With the recent changes to LastPass Free limiting the types of devices you can concurrently use with one account, I decided now was the time to migrate to a new service. I settled on a self-hosted instance of Bitwarden, specifically the bitwarden_rs implementation in Rust that allows me to run it within a single Docker container.
One new feature of Bitwarden I was particularly happy with was the integration of a TOTP generator. I have been using Authy for years, but it relies on your phone number, and with the rise in SIM swap attacks it seems like it might be time to move on to something else.
Unfortunately, Authy does not currently provide an easy way to export your OTP secrets. I have previously written about this and provided a method for extracting your secrets using mitmproxy, but with the changes to trusted CAs in Android Nougat, that method no longer works.
As with my last guide, follow this guide at your own risk. I am not responsible for any damages or lost data. You should always ensure your 2FA codes work before removing them from another 2FA app.
First, download the Authy Desktop app and log in. This may require you to enable multi-device support in the settings of the mobile app. Once you have logged into your account, make sure to decrypt your accounts by entering your backup password.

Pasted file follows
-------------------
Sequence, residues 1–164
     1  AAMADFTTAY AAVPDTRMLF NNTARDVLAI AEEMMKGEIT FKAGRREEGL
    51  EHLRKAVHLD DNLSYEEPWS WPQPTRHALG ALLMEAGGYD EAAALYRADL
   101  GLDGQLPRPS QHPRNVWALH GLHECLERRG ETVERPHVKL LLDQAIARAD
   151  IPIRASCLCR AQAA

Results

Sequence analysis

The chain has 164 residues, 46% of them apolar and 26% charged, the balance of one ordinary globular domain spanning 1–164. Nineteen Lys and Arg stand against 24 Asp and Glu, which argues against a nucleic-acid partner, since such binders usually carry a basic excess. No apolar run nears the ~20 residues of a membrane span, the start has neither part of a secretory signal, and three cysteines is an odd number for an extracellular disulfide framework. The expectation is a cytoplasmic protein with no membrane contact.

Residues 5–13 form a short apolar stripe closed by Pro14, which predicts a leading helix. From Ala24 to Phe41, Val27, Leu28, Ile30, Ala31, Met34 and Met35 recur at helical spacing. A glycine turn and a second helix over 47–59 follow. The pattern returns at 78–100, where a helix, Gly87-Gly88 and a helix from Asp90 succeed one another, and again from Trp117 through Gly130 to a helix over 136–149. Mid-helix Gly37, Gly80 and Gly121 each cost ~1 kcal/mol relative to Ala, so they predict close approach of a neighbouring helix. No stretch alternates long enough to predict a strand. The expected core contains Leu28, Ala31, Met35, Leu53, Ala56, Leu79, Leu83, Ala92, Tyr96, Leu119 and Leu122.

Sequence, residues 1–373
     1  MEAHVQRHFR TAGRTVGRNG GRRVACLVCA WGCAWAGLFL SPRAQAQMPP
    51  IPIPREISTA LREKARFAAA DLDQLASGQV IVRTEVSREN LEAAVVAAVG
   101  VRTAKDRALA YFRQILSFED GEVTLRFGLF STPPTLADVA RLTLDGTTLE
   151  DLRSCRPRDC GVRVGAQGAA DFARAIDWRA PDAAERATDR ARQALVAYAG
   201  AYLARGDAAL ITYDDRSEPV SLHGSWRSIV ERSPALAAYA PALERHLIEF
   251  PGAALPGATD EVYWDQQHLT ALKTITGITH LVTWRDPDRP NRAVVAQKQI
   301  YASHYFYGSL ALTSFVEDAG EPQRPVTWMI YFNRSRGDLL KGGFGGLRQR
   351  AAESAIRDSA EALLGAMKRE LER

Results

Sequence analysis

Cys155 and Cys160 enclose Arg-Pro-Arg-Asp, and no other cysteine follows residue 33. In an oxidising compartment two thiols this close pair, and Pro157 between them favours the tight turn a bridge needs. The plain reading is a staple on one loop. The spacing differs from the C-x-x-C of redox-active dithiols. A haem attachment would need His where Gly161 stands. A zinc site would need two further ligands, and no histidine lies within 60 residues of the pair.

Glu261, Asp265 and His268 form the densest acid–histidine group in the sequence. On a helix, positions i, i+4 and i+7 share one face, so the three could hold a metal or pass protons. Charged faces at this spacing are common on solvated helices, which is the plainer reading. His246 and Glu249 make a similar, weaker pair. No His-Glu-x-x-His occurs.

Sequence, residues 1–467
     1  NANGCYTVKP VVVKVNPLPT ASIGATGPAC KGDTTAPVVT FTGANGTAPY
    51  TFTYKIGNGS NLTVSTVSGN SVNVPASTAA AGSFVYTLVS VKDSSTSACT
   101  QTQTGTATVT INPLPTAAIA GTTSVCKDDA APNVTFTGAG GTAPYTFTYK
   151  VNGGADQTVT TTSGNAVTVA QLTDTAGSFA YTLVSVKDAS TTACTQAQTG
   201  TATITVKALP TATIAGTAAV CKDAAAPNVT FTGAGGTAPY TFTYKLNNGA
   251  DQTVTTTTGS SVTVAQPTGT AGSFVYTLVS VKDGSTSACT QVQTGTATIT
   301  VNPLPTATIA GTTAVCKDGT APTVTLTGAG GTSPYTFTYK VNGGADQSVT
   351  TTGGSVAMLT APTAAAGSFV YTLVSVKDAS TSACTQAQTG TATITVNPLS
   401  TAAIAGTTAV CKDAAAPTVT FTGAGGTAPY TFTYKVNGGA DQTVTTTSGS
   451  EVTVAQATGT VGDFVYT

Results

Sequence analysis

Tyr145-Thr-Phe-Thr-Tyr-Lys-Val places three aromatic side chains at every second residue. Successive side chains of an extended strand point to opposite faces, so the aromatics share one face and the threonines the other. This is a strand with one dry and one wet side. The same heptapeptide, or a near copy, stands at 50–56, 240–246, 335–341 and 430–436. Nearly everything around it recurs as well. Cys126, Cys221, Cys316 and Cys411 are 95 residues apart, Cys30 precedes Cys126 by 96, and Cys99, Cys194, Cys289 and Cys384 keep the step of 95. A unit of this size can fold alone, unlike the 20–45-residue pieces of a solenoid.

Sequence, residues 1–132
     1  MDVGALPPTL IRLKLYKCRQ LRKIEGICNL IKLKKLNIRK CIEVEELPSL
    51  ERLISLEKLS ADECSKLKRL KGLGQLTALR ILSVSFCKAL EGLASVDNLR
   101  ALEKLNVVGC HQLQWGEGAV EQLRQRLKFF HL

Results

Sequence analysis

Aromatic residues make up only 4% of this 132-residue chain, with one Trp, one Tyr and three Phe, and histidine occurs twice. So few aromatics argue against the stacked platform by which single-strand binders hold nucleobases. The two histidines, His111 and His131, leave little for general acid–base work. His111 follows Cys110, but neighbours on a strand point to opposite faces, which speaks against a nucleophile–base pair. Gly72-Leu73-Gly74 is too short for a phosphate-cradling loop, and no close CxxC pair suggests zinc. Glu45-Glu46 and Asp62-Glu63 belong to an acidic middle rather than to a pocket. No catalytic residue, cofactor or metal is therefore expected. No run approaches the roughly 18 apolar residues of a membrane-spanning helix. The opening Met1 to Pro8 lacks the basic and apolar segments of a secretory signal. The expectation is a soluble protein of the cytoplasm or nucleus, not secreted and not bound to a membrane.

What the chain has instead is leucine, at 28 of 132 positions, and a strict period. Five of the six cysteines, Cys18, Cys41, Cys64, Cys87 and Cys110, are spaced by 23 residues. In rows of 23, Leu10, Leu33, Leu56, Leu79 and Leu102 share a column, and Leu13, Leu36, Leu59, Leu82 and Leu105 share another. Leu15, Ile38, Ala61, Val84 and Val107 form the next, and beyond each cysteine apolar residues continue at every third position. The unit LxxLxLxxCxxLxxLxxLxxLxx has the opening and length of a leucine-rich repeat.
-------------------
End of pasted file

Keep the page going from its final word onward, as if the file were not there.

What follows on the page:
After you have decrypted your accounts in the app, you can close the app and open a terminal window. I did this on macOS, but the Gist has commands for Windows and Linux as well.
$ open -a "Authy Desktop" --args --remote-debugging-port=5858
This will reopen the Authy Desktop app with debug server running on the specified port. You can now navigate to the debug page, http://localhost:5858/, and click on the only link, Twilio Authy.
You will see a debug view of the Authy Desktop app, and a DevTools window. In DevTools, on Application, then under Frames expand Top. Right-click on
main.html and click Open in containing folder.
This should open a new console window. If you want to manually dump your data
appManager.getModel() contains your accounts. Standard accounts will have a
decryptedSeed field containing your TOTP secret. Authy specific accounts contain a
secretSeed field in hexadecimal that needs to be converted to Base32 to be used in other 2FA apps.
Many of the scripts in the Gist used a large minified library, or an external service to generate QR codes to be scanned by your new 2FA app. I just wanted the TOTP URIs, so I wrote a modified version.
First I pasted a modified version of base32-encode by LinusU into the console window. This takes a hexadecimal string and converts it into a byte array, then reencodes it into Base32.
Then I pasted in my modified script to iterate over all my accounts, determine their type, and print a TOTP URI to the console.
This script will dump all your accounts in the following format.
You can optionally add additional parameters, such as the
issuer=SOME_ISSUER parameter. You can see the full URI format in the Google Authenticator wiki. If your new 2FA app does not allow for URI imports, you can also put the URI into a trusted QR code generator and scan it to import.